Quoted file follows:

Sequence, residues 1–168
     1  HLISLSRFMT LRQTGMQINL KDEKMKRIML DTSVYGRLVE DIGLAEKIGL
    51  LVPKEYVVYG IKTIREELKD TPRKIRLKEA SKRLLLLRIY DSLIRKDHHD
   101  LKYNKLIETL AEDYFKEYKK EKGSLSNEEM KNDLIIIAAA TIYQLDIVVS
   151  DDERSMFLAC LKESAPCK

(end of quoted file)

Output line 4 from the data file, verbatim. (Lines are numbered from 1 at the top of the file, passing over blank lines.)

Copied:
   101  LKYNKLIETL AEDYFKEYKK EKGSLSNEEM KNDLIIIAAA TIYQLDIVVS